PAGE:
Not only was Rav Ruderman’s genius invested in the Avodas Levi, so was his mesirus nefesh
Rav Yaakov Yitzchok Ruderman, the towering rosh yeshivah of Baltimore’s Ner Israel whose 35th yahrtzeit is being marked this year on 14 Tammuz, was a self-described “shikkur for seforim.” Only someone thus intoxicated would pay one hundred dollars for the sefer Oneg Yom Tov, a staggering sum when he did so in 1938.
A favorite “liquor store” of his was Biegeleisen’s, when the famed bookseller was still on the Lower East Side, before relocating to its current Boro Park premises (with the iconic “J. Biegeleisen Hebrew Books” sign still out front in the window). When Rav Ruderman would return home after traveling to New York for a wedding, he would try to whisk his multiple newly purchased seforim past his rebbetzin’s gaze under his kapoteh.
Nor would he put a newly acquired sefer on the shelf until he’d gone through it first. Toward the end of the Rosh Yeshivah’s life, two bochurim would accompany him in the summer for a stay in Camp Agudah. Once, a vendor was selling seforim in the camp and the Rosh Yeshivah went to check out his wares. He bought three seforim, gave one to each of the bochurim with him, and kept the last one — a newly published volume of the Mishnas Rav Aharon — for himself. When he retired for the night, the bochurim helped him close the lights and put away his glasses, but one of them went back to check on the Rosh Yeshivah in the middle of the night and found him learning through the Mishnas Rav Aharon. Notwithstanding his extremely poor eyesight, he had found his glasses and arisen from bed in his eagerness to learn from the newly published sefer.
Rav Ruderman wasn’t just entranced by seforim in general, he authored a monumental Torah work of his own. Avodas Levi, on topics in Seder Kodshim, was published in Lita in 1930 and garnered haskamos from two of the prewar generation’s leading talmidei chachamim: Rav Avrohom Duber Shapiro, known as the Kovner Rav, and Rav Moshe Mordechai Epstein, Rav Ruderman’s rosh yeshivah in Slabodka. These approbations stand out in their effusiveness about both the mechaber and the sefer. Reb Moshe Mordechai, for example, writes these astonishing words about the then 28-year-old author: “Hineni l’hadiya b’shaar bas rabim ki gadol hu migedolei u’geonei hazman, v’chidushav heima ne’emorim b’geonus — I hereby publicly declare that he is a gadol among the gedolim of our time, and his chiddushim are sheer brilliance!”
Not only was Rav Ruderman’s genius invested in the Avodas Levi, but so was his mesirus nefesh. The Rosh Yeshivah once told a talmid how two complete simanim (chapters) of the sefer came to be. Rebbetzin Faiga once became gravely ill, to the point that Rav Ruderman was informed by the doctors that his wife had two days to live. As a zechus for her recovery, he learned for the next 48 hours straight, and the chiddushim that emerged became those two simanim, which he said were the best ones in the sefer.
Outstanding as his sefer was, when Rav Ruderman once showed a talmid a letter he had received from the Steipler Gaon praising the Avodas Levi greatly and encouraging him write more such seforim, he remarked, “I have enough chiddushim to write another ten volumes of Avodas Levi. But instead, I am writing leibedig seforim [living books], and that requires single-minded focus. The Gemara compares a rebbi to a malach, saying ‘If your rebbi appears like a malach of Hashem, you can then seek Torah from his mouth,’ and a malach can only perform one mission at a time.”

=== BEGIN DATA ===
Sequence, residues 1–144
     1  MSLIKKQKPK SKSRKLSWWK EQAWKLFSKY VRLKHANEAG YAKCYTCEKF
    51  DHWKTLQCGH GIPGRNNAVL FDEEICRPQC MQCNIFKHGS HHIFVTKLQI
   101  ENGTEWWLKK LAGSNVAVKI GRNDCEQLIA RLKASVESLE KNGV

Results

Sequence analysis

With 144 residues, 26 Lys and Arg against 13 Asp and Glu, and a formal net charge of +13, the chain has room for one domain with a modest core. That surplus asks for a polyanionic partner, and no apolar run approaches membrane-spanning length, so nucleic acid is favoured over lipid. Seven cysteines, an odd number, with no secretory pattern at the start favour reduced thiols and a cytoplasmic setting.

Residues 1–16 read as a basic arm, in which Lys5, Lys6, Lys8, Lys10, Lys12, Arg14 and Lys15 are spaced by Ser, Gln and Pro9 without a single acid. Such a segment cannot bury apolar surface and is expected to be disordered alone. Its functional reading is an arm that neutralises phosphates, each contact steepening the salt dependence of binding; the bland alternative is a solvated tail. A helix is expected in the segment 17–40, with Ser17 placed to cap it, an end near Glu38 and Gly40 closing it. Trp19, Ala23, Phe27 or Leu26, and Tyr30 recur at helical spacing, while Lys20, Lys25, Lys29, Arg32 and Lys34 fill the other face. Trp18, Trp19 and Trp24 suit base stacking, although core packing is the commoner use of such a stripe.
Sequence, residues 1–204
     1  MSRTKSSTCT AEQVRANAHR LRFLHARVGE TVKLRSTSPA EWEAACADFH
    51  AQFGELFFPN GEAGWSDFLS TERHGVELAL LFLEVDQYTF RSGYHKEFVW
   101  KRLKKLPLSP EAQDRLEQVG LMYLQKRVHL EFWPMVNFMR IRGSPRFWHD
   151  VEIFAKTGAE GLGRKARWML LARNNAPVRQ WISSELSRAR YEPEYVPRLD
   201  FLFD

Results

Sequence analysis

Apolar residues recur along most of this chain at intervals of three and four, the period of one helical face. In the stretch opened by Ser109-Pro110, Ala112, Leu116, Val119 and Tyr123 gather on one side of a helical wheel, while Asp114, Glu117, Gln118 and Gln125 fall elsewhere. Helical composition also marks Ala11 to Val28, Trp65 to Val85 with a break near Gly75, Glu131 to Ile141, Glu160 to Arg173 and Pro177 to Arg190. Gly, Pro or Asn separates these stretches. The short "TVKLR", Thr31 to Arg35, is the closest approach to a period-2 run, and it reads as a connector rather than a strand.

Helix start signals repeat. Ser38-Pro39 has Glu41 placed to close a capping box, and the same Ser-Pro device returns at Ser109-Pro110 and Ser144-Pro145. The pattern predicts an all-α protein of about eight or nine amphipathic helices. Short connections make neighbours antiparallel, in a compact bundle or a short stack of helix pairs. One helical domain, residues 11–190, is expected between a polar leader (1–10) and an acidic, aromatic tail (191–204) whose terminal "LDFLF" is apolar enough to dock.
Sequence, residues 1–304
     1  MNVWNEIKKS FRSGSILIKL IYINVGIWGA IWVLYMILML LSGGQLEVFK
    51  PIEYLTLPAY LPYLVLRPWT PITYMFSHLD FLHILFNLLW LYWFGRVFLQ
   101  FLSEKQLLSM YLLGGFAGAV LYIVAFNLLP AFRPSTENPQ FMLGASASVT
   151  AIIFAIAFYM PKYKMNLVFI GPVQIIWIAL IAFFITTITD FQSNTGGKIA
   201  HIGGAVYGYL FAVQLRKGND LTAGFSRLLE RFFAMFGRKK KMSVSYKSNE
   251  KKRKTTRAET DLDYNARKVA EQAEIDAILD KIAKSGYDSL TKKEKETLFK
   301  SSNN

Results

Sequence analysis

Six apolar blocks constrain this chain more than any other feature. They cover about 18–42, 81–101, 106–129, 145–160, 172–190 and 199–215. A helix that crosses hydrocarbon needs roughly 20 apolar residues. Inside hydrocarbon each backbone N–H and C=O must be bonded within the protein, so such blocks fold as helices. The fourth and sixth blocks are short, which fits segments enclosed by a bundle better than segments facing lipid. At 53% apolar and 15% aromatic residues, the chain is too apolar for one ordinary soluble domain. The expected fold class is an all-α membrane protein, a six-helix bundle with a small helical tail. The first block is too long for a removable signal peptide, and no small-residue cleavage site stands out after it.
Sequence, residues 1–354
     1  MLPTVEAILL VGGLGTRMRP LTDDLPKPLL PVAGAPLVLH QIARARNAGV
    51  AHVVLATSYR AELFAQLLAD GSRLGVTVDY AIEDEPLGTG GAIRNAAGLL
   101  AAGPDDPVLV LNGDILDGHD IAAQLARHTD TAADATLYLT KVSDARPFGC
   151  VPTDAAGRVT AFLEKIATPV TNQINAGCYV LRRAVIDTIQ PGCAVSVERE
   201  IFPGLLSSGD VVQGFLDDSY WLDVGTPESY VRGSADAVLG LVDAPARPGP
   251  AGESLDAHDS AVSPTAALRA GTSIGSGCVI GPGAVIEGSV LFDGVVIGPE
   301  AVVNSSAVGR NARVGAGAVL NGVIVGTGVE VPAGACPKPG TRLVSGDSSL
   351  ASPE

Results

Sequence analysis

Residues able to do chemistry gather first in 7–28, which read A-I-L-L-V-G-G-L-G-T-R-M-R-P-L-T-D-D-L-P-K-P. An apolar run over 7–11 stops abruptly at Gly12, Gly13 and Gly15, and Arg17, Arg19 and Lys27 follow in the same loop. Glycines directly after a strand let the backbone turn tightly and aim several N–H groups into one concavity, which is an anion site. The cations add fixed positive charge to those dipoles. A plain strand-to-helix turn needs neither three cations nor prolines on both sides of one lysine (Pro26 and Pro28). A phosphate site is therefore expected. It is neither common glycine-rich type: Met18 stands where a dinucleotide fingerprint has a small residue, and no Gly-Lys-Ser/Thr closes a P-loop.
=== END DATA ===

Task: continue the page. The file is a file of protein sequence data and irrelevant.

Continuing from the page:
Indeed, Rav Ruderman continued, his own rebbi, the Alter of Slabodka, also didn’t write his chiddushim. “After all,” said the Rosh Yeshivah, “the sefer Ohr Hatzafun, containing his mussar discourses, is a tipah min hayam (drop in the sea) of what he imparted to his talmidim. He would speak with various chaburos, for 12 hours each day. But his goal was to mold teachers of Torah, leaders of communities.”
We can spend many hours and expend many words speaking of the greatness of teaching Torah and building talmidim, but nothing can convey that with more eloquence than what Rav Ruderman didn’t do — the seforim he didn’t write — so that he could instead be marbitz Torah.
And there are other kinds of seforim, too. The Lodzer Rav, Rav Elya Chaim Meisel, an early-20th century gaon whose deeds of tzedakah and chesed for the needy of his city were legendary, was once approached by the mechaber of a sefer who wanted the Rav’s haskamah on his work. Assuming that the Rav must have written seforim too, the fellow asked to see his. Rav Elya Chaim took out the city’s tzedakah ledger and said, “Dos, dos iz mein sefer.”
When Rav Ruderman first arrived in Baltimore with the Rebbetzin — whose yahrtzeit is four days prior to her husband’s, on the tenth of Tammuz — many of the locals were not amenable, to say the least, to the idea of a yeshivah in their town. And so, to promote the concept, Rav Ruderman would give derashos to balabatim about the chashivus of Torah, while Rebbetzin Ruderman would give speeches to the ladies. One time, when she returned home after a speech with stains all over her clothes, her daughter, Rebbetzin Weinberg, asked her what had happened, and she responded that people had thrown vegetables at her.
If the Rosh Yeshivah’s multivolume set of “seforim” were his half century of harbatzas Torah in Baltimore, those splotches on the dress were the ink. —
(Originally featured in Mishpacha, Issue 919. Eytan Kobre may be contacted directly at firstname.lastname@example.org)
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